not given him permission to enter their home.
6, 2010, the occupant of an apartment at 163 Delhi Street in
Mattapan arrived home to find that both her front and back
doors were wide open, and the front door's lock was
broken. She discovered that several items were missing,
including her TV, a jar of coins, and two watches. She also
found a beer can on the ledge in the hallway outside of her
apartment that had not been there when she left an hour
earlier. Tavares was included as being a possible source of
DNA found on the beer can. The occupant did not know Tavares
nor had she given him permission to enter her apartment.
on August 19, 2010, a man who was looking after his
sister's apartment at 75 Humbolt Avenue in Roxbury was
informed by a neighbor that the police were there conducting
an investigation. When he went to the apartment, he found
that the door was broken and that the apartment was in
disarray. He informed the police that the TV and VCR were
missing. He also discovered a cigarette butt on the floor
between the couch and the TV console. The man, his sister,
and his sister's fiancé did not smoke, and the
butt had not been there the previous night. The police
collected the cigarette butt as evidence, and, after
conducting DNA analysis, the petitioner was included as being
the possible source of the DNA found on the cigarette butt.
Commonwealth also presented evidence concerning the
petitioner's criminal history during the habitual
criminal proceedings before the trial judge.
Standard of Review
relief pursuant to § 2254 is an extraordinary remedy,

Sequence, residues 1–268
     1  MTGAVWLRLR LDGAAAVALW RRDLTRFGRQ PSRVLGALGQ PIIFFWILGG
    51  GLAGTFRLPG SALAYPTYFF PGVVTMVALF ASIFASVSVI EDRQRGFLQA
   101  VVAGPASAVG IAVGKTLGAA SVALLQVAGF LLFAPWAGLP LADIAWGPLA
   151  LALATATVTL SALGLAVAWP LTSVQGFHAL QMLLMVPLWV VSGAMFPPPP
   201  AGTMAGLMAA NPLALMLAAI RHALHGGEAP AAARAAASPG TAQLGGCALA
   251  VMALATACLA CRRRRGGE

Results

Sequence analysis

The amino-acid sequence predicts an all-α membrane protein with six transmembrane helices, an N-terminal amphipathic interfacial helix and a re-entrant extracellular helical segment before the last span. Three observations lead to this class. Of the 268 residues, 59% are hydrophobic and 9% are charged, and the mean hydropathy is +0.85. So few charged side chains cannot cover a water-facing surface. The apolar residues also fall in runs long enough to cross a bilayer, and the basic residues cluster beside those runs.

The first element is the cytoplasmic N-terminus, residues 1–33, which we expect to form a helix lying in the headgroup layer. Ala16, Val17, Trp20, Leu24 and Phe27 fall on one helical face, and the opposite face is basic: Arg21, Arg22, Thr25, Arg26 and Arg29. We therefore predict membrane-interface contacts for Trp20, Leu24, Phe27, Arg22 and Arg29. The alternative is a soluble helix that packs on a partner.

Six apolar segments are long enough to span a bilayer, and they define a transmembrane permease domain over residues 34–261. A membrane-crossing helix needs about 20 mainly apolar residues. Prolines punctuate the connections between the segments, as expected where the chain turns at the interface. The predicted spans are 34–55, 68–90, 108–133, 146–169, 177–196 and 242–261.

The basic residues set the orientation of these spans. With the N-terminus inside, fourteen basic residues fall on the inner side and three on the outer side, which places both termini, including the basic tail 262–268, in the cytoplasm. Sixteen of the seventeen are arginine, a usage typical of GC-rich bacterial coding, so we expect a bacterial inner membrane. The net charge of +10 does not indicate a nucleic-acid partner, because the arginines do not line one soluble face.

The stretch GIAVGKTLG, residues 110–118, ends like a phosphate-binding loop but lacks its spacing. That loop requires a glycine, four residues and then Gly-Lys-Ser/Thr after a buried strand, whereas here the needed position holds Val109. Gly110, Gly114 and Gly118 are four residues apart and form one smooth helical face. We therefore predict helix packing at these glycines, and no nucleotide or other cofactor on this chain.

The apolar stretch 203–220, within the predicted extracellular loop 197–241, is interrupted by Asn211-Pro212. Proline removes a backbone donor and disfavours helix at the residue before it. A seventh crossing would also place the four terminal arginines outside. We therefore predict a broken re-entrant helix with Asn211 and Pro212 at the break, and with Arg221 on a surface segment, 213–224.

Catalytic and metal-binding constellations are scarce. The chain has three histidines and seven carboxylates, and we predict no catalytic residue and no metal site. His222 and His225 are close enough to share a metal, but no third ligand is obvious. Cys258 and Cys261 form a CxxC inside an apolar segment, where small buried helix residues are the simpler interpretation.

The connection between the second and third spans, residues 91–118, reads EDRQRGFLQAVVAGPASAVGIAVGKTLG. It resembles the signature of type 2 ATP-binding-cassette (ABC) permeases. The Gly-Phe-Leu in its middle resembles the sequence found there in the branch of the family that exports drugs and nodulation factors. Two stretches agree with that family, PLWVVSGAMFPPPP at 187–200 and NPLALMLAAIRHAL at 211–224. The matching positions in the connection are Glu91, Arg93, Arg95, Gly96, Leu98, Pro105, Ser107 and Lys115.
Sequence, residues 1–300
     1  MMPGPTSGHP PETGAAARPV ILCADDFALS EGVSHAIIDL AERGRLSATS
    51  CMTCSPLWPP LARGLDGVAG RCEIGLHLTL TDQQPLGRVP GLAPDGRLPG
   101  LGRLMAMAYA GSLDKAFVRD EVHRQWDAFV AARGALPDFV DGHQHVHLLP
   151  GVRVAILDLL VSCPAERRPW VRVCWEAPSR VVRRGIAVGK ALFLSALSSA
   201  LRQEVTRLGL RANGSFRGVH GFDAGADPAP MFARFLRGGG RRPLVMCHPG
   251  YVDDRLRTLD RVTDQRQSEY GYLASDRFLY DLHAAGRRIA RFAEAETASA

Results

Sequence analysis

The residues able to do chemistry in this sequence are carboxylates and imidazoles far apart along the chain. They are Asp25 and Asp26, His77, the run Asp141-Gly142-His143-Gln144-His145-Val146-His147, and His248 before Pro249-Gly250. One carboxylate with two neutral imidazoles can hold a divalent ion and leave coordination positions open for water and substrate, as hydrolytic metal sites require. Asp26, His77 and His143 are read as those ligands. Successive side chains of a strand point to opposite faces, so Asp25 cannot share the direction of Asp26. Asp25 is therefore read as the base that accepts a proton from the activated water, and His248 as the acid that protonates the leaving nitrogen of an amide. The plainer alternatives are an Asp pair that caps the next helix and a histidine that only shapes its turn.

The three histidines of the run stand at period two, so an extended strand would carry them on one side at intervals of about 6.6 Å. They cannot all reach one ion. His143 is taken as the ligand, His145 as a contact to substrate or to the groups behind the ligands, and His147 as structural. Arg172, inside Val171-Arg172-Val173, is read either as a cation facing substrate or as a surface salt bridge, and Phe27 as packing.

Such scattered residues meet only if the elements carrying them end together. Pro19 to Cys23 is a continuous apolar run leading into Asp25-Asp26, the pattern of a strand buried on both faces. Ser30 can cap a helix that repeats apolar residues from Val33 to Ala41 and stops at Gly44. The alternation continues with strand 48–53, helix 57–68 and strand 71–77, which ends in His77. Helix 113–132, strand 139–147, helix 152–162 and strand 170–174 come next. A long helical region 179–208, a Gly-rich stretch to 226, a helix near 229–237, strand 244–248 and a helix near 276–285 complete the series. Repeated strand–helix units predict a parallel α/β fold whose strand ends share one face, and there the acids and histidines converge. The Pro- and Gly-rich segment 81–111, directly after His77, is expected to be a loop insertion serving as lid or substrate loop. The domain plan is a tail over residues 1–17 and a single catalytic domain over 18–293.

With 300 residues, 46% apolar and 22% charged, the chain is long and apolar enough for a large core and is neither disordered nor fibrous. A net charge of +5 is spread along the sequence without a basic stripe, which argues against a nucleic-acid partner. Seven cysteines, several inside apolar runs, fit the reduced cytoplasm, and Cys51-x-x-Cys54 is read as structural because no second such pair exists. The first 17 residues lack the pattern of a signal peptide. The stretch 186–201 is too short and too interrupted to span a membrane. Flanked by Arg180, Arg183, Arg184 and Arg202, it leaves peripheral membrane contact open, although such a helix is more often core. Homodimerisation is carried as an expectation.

and it is not granted if the state court's decision was
merely erroneous or incorrect. See Woodford v.
Visciotti, 537 U.S. 19, 27 (2002). Rather, a petitioner
seeking relief from a claim decided on the merits at the
state level must demonstrate that:
the adjudication of the claim . . . (1) resulted in a
decision that was contrary to, or involved an unreasonable
application of, clearly established Federal law, as
determined by the Supreme Court of the United States; or (2)
resulted in a decision that was based on an unreasonable
determination of the facts in light of the evidence presented
in the State court proceeding.
28 U.S.C. § 2254(d).
legal principle is ‘clearly established' within the
meaning of this provision only when it is embodied in a
holding of [the United States Supreme] Court.”
Thaler v. Haynes, 559 U.S. 43, 47 (2010).
Additionally, a state court's decision is “contrary
to . . . clearly established federal law” when it
“contradicts the governing law set forth in the Supreme
Court's cases or confronts a set of facts that are
materially indistinguishable from a decision of the Supreme
Court and nevertheless arrives at a result different from its
precedent.” Brown v. Ruane, 630 F.3d 62, 66-67
(1st Cir. 2011) (quoting John v. Russo, 561 F.3d 88,
96 (1st Cir. 2009)). Further, a decision involves an
“unreasonable application” of established federal
law “if the state court identifies the correct
governing legal principle from [the Supreme] Court's
decisions but unreasonably applies that principle to the
facts of the prisoner's case.” Williams v.
Taylor, 529 U.S. 362, 405-06 ...